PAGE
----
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Wednesday, December 19, 2012

Silvio mentions euro exit (again), but everyone is waiting for Mario: An update on Italy

Time for a quick update on Italy, with Silvio Berlusconi and Mario Monti in the spotlight again. Over the past few days, Berlusconi's air time has increased exponentially. The gist of his interviews remains broadly the same (see our previous posts here and here). Yesterday, on Italian public broadcaster Rai Uno, he said,
"Either Germany understands that the ECB must act as a real central bank, and therefore print money, or unfortunately we will be forced to leave the euro and return to our currency."
Believe it or not, his anti-German rhetoric is paying off. Several opinion polls indicate that support for Berlusconi's party is on the rise - although it remains well behind the clear front-runner, the centre-left Democratic Party. This explains why Il Cavaliere is now urging not to "rush" to the elections - suggesting that the vote should be postponed by 1-2 weeks, to 24 February or even 3 March. Perhaps he believes that two extra weeks of electoral campaigning could make a big difference.

Therefore, it is no surprise that Berlusconi's MPs and Senators are now using all possible parliamentary tactics to delay the final approval of the budget law for 2013-15 - which amounts to pushing Monti's resignation back. For the moment, Monti has postponed his end-of-year press conference, initially due on Friday - probably a sign that the budget law will not be adopted by then.

In the meantime, uncertainty remains over what Monti will do after his resignation. According to Italian daily La Stampa, he has decided to stay out of the race, while at the same time making a strong endorsement for a group of small centre parties supportive of his reform agenda as early as this weekend (see our overview for further details about where Italy's main political parties stand ahead of the elections). 

From outside the electoral race, the article suggests, Monti would have the possibility to act as a mediator and facilitate an alliance between those centre parties and the Democratic Party. Sounds plausible, and it might turn out to be a good idea for at least two reasons:
  • Opinion polls show that the Democratic Party and the smaller centre parties - that is, the political forces which have pledged to continue with Monti's reforms - would together have the numbers to build a stable government. However, the possibility of them forming a coalition cannot be taken for granted at the moment. Monti's clout could give a decisive push in this direction - which would in principle be good news for Italy and the rest of the eurozone.
  • Monti's candidacy would not be risk-free. In particular, it may 'personalise' the electoral campaign too much and turn the upcoming elections into a referendum on Monti himself, rather than his reforms - which are what ultimately matters for Italy's future.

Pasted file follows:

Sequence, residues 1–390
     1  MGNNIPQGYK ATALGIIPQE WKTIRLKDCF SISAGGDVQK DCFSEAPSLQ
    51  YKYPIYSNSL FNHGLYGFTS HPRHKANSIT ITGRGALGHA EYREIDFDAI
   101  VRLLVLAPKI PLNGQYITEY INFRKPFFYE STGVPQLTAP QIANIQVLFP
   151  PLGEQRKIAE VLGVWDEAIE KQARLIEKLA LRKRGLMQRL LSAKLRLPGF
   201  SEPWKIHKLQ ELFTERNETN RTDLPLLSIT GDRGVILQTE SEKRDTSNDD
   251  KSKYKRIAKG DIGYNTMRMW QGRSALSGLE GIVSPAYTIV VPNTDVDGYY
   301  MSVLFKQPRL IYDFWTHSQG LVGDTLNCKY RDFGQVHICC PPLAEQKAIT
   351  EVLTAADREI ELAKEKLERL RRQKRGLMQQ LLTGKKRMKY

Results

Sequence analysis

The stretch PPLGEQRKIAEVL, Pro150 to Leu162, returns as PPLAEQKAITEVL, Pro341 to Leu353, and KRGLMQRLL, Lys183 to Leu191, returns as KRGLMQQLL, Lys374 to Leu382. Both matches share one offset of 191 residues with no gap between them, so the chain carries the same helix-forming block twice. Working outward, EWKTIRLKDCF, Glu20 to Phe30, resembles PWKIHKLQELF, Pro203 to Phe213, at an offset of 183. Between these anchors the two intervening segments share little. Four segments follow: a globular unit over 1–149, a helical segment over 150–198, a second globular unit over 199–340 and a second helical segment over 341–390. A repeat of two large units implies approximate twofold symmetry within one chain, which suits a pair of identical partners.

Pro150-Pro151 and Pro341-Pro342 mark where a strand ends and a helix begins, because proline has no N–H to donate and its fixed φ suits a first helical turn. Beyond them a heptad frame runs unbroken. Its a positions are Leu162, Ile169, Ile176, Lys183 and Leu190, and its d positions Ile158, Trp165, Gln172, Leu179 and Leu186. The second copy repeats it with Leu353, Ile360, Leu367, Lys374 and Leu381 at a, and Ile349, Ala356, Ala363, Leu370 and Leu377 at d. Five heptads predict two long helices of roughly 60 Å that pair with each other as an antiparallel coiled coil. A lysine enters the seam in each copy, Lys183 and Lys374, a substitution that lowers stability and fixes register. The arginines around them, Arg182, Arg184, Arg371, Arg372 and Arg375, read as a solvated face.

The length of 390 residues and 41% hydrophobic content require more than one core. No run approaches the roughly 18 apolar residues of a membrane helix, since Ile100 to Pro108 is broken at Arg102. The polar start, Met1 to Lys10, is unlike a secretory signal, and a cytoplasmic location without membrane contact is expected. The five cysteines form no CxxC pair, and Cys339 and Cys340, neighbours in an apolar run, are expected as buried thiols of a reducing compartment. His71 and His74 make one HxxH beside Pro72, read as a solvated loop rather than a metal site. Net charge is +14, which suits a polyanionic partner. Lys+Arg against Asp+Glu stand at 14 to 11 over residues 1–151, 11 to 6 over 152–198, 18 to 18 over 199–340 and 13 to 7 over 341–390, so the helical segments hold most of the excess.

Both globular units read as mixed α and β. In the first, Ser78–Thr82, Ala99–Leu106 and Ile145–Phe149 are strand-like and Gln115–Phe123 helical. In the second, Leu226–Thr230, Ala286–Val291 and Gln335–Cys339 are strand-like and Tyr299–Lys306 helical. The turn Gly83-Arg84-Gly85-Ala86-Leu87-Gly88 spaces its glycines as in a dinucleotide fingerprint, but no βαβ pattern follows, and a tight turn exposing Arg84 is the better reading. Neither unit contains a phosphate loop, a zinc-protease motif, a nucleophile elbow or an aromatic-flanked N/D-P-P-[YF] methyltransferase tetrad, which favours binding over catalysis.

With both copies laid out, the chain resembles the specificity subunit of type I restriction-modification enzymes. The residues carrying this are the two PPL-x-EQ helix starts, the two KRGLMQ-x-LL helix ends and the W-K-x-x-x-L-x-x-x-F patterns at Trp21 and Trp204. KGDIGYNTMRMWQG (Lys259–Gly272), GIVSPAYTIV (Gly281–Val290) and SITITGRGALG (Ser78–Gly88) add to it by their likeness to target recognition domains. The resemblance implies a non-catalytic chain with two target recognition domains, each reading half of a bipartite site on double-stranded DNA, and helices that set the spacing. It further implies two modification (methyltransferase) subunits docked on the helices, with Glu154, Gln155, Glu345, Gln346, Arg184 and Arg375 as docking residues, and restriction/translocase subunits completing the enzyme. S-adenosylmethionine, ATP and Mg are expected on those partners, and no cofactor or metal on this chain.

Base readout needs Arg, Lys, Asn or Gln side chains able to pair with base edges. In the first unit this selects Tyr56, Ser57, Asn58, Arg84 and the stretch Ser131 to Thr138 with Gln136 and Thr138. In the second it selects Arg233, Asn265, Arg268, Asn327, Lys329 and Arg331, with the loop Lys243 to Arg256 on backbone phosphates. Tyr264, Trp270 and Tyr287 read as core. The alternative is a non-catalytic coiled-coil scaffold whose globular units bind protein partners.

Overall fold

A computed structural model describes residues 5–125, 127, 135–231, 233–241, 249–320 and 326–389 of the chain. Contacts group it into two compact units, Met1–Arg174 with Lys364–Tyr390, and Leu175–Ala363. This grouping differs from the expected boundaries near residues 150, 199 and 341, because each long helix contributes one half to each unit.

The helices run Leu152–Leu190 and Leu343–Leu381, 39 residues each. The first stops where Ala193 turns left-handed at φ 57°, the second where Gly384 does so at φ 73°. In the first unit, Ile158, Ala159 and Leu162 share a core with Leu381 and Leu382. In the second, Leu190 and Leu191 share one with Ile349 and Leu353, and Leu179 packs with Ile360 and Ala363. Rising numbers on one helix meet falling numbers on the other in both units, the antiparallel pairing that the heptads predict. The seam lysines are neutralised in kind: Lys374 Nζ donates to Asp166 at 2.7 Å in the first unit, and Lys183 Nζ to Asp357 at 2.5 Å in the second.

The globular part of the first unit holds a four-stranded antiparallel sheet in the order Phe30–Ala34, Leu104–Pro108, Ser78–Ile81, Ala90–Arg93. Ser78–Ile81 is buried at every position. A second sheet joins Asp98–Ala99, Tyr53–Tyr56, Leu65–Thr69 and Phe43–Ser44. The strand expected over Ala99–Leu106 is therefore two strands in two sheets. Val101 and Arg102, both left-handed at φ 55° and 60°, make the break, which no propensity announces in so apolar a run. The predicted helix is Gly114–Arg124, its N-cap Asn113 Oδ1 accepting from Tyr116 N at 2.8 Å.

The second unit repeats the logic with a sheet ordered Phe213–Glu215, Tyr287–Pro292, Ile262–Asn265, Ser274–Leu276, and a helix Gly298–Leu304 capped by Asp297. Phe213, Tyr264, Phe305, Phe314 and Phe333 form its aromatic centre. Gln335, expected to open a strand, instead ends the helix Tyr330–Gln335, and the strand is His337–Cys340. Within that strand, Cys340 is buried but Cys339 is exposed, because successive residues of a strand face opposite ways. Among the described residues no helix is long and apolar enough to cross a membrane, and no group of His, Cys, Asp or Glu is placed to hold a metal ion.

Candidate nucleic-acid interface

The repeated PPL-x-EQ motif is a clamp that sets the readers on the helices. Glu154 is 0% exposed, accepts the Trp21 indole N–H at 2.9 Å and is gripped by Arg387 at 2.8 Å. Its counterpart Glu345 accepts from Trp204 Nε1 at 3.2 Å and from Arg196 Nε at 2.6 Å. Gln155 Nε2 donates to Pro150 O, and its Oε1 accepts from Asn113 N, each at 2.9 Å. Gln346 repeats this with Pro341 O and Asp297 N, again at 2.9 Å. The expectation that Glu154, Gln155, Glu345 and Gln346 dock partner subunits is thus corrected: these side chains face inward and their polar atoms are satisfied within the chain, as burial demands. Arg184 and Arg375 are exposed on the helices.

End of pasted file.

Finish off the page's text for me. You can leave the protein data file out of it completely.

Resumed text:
We will continue monitoring the situation closely, so keep following us on Twitter @OpenEurope for real time updates.


Rollo said...

He is only saying what Hollande and others are saying: either Germany has to accept transfering huge amounts of money into other people's economies, or the Euro will fail; because few of the other countries can live in the same Euro as Germany.
Funny if, in the end, the European nations are saved by Berlusconi.
Who is paying for Greece? Who is going to subsidise Spain? Who will bail out Italy?

Rollo said...

Meanwhile, with Italy, Spain and France facing funding costs of €332bn, €195bn and €243bn respectively, markets will be kept on edge.
See what I mean, in your own words?

Anonymous said...

I'd say it'll be up to the Italian people eventually: whether to vent thru the polls their own enthusiastic support for additional tax burdens and go on with the Monti cabinet austerity agenda, as purported by the media, or reject it. A first chance of true democracy despite hidden vested interests conspiring against?

Rik said...

Monti is by far the best person to guide Italy through this part of the crisis. By far the best understanding where things have to be adjusted and with by far again the most credit by EZ partners and markets.

However credit is definitely not perpetual. Furthermore he needs political backing to make the reforms (which has been a problem the last 1/2 year or so).
No use for him to step in if he is not backed to do structural reforms. Otherwise he will be the figurehead of a disaster. You need Monti and backing, Monti alone is not enough.

I doubt (although not aware of all the ins and outs of Italian politics) if running for one party will give him a bigger chance to get structural majority backing.
The country simply doesnot seem ready for structural reforms.
Probably make a later return when the country/politics are ready more difficult.

Difficult call.

Rollo said...

Structural reforms or not, Italy will never be able to live in the Euro. They will always be a poor set of regions; unless of course the Lega Norte, the only sustainable bit, leaves Italy. Then the rump 3/4 of the country will fail to live in the Euro.